Another world in Georgia Caucasus
Sunday, September 18, 2005
A profound history of the Kists from Pankisi with very interesting passages on the other Highlanders of the Northern and Southern Slopes of the Caucasus a found in the thrilling work Georgias Pankisi Gorge: An Ethnographic Survey
by Shorena Kurtsikidze and Vakhtang Chikovani from the University of California, Berkeley
Read the full work here http://tinyurl.com/8cw2w Here is a small exerpt:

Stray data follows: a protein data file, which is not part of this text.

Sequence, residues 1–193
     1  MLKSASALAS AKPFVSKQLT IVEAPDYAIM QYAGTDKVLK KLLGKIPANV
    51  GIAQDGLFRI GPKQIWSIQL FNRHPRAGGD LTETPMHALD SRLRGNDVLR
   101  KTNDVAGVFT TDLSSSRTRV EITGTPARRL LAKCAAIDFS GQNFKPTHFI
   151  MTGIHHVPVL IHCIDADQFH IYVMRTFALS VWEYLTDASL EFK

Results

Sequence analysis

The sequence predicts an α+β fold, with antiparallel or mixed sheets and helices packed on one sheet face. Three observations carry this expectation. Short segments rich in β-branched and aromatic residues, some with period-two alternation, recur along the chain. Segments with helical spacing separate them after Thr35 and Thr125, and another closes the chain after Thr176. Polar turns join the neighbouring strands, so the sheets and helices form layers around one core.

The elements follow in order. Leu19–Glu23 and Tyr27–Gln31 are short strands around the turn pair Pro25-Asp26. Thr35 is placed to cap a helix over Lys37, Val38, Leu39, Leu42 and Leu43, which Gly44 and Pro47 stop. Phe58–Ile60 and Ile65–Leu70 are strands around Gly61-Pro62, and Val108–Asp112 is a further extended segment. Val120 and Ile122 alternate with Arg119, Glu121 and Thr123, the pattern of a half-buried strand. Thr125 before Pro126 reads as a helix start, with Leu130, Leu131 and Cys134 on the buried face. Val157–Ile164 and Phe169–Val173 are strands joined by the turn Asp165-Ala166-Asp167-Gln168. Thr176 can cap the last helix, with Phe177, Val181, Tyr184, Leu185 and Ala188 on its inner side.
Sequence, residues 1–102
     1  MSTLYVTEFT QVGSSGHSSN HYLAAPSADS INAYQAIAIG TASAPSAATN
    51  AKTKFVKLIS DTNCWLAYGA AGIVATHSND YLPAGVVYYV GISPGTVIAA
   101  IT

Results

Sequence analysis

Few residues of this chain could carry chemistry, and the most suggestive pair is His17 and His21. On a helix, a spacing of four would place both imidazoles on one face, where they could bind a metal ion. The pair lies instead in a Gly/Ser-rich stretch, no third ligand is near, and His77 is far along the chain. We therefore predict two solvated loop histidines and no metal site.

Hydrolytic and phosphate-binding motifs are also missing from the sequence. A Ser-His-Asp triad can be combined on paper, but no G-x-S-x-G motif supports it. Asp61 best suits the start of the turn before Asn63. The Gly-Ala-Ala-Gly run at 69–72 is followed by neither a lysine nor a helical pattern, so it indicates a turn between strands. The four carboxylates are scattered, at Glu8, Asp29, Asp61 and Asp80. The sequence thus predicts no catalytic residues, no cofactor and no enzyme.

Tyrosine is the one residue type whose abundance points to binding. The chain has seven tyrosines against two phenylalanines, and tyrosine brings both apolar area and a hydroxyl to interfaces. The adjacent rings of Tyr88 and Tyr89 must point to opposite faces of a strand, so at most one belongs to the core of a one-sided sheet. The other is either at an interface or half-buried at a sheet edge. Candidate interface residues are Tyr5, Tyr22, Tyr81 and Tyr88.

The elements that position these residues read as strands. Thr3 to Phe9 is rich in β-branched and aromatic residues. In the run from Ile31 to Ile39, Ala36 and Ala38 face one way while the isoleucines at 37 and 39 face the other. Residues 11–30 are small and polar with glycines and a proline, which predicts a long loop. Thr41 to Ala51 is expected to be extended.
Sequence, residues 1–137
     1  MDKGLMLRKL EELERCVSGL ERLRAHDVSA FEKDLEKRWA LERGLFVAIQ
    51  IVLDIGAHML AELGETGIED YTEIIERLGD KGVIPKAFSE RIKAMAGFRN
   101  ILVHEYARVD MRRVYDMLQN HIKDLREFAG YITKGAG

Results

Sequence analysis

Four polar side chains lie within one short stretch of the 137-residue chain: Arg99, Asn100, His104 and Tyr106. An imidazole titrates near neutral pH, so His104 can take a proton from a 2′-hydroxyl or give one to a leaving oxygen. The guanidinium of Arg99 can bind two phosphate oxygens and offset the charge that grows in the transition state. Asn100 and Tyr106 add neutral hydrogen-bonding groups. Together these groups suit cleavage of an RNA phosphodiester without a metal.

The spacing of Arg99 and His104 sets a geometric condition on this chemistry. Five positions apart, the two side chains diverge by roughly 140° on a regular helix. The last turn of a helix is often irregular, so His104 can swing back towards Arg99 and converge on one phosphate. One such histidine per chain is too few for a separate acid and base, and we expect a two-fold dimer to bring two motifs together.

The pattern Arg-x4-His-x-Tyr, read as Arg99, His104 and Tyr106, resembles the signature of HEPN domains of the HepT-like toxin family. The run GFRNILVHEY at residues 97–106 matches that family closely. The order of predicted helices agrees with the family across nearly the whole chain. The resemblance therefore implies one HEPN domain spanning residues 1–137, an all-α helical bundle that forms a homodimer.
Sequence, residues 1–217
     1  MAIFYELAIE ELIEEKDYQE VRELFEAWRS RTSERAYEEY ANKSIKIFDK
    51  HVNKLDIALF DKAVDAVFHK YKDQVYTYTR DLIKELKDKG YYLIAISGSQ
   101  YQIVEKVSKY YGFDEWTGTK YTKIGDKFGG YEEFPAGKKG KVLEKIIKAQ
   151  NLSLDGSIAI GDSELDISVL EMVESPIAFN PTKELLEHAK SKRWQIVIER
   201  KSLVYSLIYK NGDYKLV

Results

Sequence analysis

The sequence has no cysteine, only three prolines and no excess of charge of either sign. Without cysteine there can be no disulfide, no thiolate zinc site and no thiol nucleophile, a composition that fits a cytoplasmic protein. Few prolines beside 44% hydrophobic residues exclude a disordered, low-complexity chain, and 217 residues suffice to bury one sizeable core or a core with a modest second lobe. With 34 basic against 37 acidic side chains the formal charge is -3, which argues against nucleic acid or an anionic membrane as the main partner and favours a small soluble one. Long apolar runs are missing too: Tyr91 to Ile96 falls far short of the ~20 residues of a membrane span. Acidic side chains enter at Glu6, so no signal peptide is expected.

"Historically, the Georgian highlander societies of the Khevsureti, Pshavi, and Tusheti were autonomous from the Georgian kings. These societies were regarded as borderland-dwellers and were not included in the administrative-territorial divisions of feudal Georgia. In these official administrative units, local princes (vassals to the king) governed and the general population lived in serfdom. The situation of the borderland-dwellers was entirely different. These inhabitants of the southern slopes of Caucasian mountain range were under the direct protection of the Georgian kings. They were free of any taxes. The major duties of these societies were protecting Georgias northern borders from invasion and participating in the military operations of the Georgian king. In return they had administrative and religous autonomy. In the 17th and 18th centuries, in order to protect its southern borders, the Russian administration organized settlements of Cossacks in the region of the Tergi River. The population of Pshavi, Khevsureti, and Tusheti played a similar role on the southern slopes of the Caucasian mountain range. Amazingly, one 19 th century traveler compared the Khevsurs to the old inhabitants of Zaporozhie (i.e., the ancestors of the Cossacks). Many Khevsurs and Tush today work as the northern border patrol in the Georgian military."